I like ribs. Which meat eater doesn’t? There isn’t a better meaty pleasure than tender meat, falling of the bone and for the more resistant morsels, gnawed off the bone. Leeds has kind of fallen in love with ribs all over again.

In the eighties and nineties, there were more tex-mex Americana joints in Leeds flogging poor quality ribs than you could shake a saucy stick at. And then they all vanished as we kind of fell out of love with them. Some of us rib fans waited patiently for the tide to turn, and guess what? It has.

Recently we’ve seen a resurgence in ribby pleasure in the city of Loiners. Rib Shakk, Cattle Grid and the newcomer Red’s are all delivering great quality rib action and that’s just to name a few. We might have a surfeit of rib activity, but the good will out and I’m all for a bit of competition.

But can ribs work as street food? And why would you even bother?

London based Mark Gevaux AKA The Ribman (‘Best Ribs in London’ is his gauntlet throwing strapline) has been causing a street food sensation with his off the bone pork baby back ribs at London street food festivals across the capital. His USP is that he lovingly takes the deliciously tenderised, smokey meat off the bone and serves the meat – after cooking it *overnight* by the way – in an enormous bun with his trademark ‘Holy Fuck’ sauce. Oh yes!!

Of course this kind of dirty deliciousness is all the rage in London right now and who are we to complain? I caught up with Mark at street food market Kerb at Kings Cross last week – I was of course taking my journalistic assignment very seriously…only to discover that Mark takes ribs very seriously indeed. In between being interviewed by a Danish TV film crew, he told me his pork is from free range animals, he makes all his own sauces and he even personally picks up his bespoke bread buns from a baker in South London every morning.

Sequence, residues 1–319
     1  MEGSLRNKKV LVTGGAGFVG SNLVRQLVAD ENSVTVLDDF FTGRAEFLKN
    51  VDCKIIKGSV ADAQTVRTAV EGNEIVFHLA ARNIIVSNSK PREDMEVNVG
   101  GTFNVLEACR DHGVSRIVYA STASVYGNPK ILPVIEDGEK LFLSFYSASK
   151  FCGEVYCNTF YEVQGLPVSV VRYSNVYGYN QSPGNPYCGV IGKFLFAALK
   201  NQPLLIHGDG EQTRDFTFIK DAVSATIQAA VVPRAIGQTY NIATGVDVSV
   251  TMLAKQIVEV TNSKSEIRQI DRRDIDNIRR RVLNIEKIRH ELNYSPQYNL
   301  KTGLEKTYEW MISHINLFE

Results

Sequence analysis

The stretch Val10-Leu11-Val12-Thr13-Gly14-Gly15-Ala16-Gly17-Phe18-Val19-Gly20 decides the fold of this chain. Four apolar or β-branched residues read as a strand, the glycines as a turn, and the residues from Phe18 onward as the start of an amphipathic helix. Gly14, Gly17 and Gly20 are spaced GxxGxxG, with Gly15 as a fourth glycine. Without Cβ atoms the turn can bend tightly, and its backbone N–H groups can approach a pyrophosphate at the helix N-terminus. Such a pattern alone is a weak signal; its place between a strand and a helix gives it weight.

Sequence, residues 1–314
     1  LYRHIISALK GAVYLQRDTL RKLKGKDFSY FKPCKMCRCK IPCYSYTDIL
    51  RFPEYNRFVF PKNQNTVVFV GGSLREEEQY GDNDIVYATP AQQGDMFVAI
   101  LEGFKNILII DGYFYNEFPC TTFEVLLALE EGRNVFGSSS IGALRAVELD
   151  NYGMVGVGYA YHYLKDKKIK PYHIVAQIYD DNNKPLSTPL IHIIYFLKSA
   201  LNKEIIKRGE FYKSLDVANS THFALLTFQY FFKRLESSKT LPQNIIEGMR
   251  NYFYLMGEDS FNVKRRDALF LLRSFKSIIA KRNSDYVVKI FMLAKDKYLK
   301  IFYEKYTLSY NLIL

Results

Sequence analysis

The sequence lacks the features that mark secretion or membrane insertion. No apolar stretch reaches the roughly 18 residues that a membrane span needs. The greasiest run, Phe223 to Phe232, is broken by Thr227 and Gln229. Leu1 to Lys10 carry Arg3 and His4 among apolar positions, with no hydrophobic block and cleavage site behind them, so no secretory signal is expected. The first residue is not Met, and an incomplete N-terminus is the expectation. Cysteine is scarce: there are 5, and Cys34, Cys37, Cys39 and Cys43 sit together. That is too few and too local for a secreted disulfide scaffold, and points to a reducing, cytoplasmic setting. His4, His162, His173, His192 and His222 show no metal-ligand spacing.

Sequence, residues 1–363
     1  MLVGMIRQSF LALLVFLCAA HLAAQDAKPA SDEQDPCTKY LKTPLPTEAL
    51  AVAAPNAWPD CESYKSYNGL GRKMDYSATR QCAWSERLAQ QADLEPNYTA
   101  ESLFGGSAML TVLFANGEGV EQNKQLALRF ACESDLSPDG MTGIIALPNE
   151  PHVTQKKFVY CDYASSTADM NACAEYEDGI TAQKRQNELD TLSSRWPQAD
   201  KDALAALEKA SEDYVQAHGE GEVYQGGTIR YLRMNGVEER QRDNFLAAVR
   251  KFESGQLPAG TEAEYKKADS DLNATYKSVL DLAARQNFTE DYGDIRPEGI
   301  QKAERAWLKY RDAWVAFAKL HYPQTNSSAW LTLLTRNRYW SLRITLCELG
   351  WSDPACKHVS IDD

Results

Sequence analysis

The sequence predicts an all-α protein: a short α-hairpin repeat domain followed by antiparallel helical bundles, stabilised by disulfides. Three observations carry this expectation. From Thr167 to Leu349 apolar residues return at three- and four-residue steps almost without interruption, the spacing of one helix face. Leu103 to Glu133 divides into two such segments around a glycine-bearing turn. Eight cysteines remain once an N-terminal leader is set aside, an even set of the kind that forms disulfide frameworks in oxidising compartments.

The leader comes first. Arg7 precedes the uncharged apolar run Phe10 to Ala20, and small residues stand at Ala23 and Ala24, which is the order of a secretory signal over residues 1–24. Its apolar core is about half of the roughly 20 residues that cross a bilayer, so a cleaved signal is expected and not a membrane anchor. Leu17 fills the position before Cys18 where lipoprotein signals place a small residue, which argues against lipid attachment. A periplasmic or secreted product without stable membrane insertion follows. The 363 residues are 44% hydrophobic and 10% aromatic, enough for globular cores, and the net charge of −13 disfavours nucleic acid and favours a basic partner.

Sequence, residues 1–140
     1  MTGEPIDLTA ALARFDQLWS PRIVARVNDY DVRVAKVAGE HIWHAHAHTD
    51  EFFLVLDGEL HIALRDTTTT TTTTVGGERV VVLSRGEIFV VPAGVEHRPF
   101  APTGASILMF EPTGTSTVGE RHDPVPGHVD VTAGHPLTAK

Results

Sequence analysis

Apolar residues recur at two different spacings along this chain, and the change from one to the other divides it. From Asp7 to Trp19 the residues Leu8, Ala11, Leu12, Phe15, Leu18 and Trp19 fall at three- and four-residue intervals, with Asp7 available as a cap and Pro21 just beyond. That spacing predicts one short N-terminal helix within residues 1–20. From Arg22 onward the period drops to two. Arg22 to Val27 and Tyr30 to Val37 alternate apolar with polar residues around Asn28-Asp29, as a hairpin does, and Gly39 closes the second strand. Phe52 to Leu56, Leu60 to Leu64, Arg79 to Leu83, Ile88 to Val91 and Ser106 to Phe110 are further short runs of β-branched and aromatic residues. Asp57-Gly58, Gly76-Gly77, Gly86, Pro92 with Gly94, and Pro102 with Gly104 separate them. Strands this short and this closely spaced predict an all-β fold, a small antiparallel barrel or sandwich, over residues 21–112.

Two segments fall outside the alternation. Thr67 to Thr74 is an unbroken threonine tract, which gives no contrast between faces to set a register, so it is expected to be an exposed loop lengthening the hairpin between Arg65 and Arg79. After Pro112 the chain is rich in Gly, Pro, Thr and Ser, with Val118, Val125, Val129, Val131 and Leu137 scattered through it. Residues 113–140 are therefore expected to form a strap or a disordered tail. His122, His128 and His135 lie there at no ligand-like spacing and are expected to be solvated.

Mark is an interesting character: a trained butcher who has come to street food by a circuitous route via Spain and London. He has a loyal customer base and usually sells out by 2pm every day, so his advice to me was get there early. Of course I did and before I chatted to Mark I had to try the merchandise. I can vouch for the Holy Fuck sauce and he’s not kidding about tender, juicy rib meat that is the very essence of the pig. All served in a fresh, chewy bun on a freezing cold afternoon in Kings Cross. Perfect.

Mark is really looking forward to seeing what the good people of Leeds will make of his ribs and so am I. If you are partial to moist rib loveliness combined with kick ass sauces, then to be quite frank you need to be first in the queue when he rocks up in April.

The Loaf – Crich, Derbyshire

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There are not many places where you get welcomed as a friend, eat delicious food, but also get to take home baking equipment and bread making advice.

After my last post about Jeera in Crich, I promised to review The Loaf on our next visit to pizza night. It was only half way through eating my Capricciosa that I remembered this, so apologies for the rather rushed phone photos. Not much gets between me and my food.

Other than special events like Storytelling nights or Children in Need, The Loaf only opens as a pizza restaurant on Wednesday’s, but it’s a real midweek bonus if you remember to book one of the two sittings. The pizzas are baked in the ovens that are used to bake gorgeous bread for the cafe, and various other outlets, during the day. They have a perfect thin, slightly chewy crust and a traditional selection of toppings. The dessert options are delicious too, tonight we shared the lemon cheesecake and apple frangipane tart. There is no alcohol licence so you need to take your own wine if you fancy a glass, but Ed especially likes their coffee and always finishes the evening with an Americano.